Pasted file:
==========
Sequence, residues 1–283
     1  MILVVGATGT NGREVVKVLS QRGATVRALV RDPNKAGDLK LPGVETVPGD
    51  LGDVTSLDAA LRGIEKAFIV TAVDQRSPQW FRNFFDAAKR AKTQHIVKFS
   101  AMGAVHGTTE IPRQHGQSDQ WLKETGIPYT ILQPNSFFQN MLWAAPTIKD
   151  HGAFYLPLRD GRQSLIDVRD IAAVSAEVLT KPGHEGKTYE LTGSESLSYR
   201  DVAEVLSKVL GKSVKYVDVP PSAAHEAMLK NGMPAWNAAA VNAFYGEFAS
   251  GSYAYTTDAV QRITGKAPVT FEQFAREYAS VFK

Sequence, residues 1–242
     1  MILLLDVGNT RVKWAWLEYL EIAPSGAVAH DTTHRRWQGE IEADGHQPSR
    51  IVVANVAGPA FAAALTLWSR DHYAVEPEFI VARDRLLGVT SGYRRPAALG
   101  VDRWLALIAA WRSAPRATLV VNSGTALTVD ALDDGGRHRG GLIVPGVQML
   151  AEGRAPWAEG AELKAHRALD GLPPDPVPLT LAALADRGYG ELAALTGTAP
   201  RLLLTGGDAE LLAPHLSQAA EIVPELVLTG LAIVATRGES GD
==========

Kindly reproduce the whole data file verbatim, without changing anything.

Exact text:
Sequence, residues 1–283
     1  MILVVGATGT NGREVVKVLS QRGATVRALV RDPNKAGDLK LPGVETVPGD
    51  LGDVTSLDAA LRGIEKAFIV TAVDQRSPQW FRNFFDAAKR AKTQHIVKFS
   101  AMGAVHGTTE IPRQHGQSDQ WLKETGIPYT ILQPNSFFQN MLWAAPTIKD
   151  HGAFYLPLRD GRQSLIDVRD IAAVSAEVLT KPGHEGKTYE LTGSESLSYR
   201  DVAEVLSKVL GKSVKYVDVP PSAAHEAMLK NGMPAWNAAA VNAFYGEFAS
   251  GSYAYTTDAV QRITGKAPVT FEQFAREYAS VFK

Sequence, residues 1–242
     1  MILLLDVGNT RVKWAWLEYL EIAPSGAVAH DTTHRRWQGE IEADGHQPSR
    51  IVVANVAGPA FAAALTLWSR DHYAVEPEFI VARDRLLGVT SGYRRPAALG
   101  VDRWLALIAA WRSAPRATLV VNSGTALTVD ALDDGGRHRG GLIVPGVQML
   151  AEGRAPWAEG AELKAHRALD GLPPDPVPLT LAALADRGYG ELAALTGTAP
   201  RLLLTGGDAE LLAPHLSQAA EIVPELVLTG LAIVATRGES GD